Money Saving Grocery Ideas

Bringing your own bags to the grocery store saves money.

Bringing your own bags to the grocery store saves money.

Groceries are a necessity of life, and you certainly can't avoid spending money on them altogether. Luckily, there are ways to save money at the grocery store. Some are old-fashioned ideas, like clipping coupons and buying things on sale, but some money-saving ideas fly in the face of conventional wisdom.

Buy the Whole Chicken

Many grocery stores carry a whole rotisserie chicken, already cooked, for less than the cost of a pair of raw chicken breasts. You'll save time, oven use and money when you buy the whole chicken. If you're not a fan of the dark meat, you can always use it in a soup or casserole. Smaller pieces make an excellent filling for a homemade burrito.

Join the Rewards Program

Most grocery stores and supermarkets have rewards programs. In many of them, you cannot get the sale price on items unless you join the program and present your card. It takes only a few minutes to fill out the paperwork, and the savings are considerable. Some programs also earn you special rewards, like a free Thanksgiving turkey, free milk or discounts on gasoline. Even if you're on vacation somewhere and pop into a shop, join the program to get the immediate savings.

Clip Coupons and Wait for Sales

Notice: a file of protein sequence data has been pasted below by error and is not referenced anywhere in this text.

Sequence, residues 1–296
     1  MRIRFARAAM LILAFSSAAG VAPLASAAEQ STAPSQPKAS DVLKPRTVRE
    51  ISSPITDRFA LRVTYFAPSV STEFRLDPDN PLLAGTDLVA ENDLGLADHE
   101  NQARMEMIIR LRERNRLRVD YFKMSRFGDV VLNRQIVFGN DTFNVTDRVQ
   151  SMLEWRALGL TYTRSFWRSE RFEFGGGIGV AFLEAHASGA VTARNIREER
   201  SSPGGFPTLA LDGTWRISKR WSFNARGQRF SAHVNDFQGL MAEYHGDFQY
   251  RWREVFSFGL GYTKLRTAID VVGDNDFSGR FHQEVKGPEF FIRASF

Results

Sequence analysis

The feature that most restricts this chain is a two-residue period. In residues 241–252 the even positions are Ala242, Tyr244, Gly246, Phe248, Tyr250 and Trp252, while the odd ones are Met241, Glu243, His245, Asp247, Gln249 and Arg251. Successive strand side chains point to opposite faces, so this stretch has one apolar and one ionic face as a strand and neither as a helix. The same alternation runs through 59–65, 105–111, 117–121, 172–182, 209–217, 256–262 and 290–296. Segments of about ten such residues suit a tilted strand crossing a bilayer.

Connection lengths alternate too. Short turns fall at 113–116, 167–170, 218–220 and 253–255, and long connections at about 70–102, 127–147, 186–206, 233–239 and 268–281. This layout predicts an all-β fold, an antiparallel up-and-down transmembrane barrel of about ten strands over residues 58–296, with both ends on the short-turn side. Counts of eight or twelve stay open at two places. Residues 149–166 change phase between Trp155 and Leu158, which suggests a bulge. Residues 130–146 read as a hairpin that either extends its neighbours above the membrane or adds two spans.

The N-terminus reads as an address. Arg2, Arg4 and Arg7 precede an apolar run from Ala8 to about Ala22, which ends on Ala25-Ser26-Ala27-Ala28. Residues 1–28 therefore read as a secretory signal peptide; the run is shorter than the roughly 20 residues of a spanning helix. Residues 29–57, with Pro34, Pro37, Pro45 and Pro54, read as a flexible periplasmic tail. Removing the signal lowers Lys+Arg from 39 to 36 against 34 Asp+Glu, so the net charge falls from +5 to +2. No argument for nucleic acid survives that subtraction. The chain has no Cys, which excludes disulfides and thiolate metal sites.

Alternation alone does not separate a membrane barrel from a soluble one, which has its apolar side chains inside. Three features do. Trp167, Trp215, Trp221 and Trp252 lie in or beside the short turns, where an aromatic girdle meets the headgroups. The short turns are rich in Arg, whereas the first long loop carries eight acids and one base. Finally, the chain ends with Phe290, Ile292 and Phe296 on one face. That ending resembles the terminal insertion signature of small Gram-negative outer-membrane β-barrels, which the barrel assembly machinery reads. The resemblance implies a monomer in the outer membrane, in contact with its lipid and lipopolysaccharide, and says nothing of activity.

It might seem like stating the obvious to suggest clipping coupons and buying items on sale, but it is an important, time-tested strategy. Many coupons can now be printed from the Internet. When there are coupons in a Sunday newspaper circular, there's a strong chance the same items are also on sale at the grocery store. Manufacturers deliberately plan it that way along with the stores. Review the weekly sales flyers and learn which items go on sale regularly. Once you know that something tends to go on sale once a month, you can hold off on buying nonperishable items until they're on sale.

Good Things Sometimes Come in Small Packages

While buying a large container reduces the unit cost of most items, it's not always the best buy if you aren't going to consume the whole thing. If a recipe you rarely make calls for bread crumbs, buy the smallest container you need. Check prices carefully since a smaller container on sale may also cost less per unit than a bigger one at regular price.

Bring Your Own Bags

Many grocery stores now offer you a few cents off each time you bring in your own bag and refuse the store's paper or plastic bags. Other stores give you a raffle ticket to enter a free grocery contest each time you bring a bag. Stores in Europe have charged customers for bags for decades, and some American cities have gone so far as to either ban plastic bags altogether or to place a tax or fee on them. This trend is likely to catch on, so get in the habit of carrying your own bags now. Mother Earth will thank you for bringing your own bags, too.


About the Author

Annabella Gualdoni has written newsletters and reports for corporations and nonprofits since 1994. She is a real estate professional and also teaches subjects including international cooking and travel, dating/relationships and personal finance. Gualdoni has a Bachelor of Arts in international development from University of California, Berkeley, a Master of Arts in international relations from Boston University, and a Juris Doctor from Boston College Law School.

Photo Credits

  • Jute shopping bag image by Sophia Winters from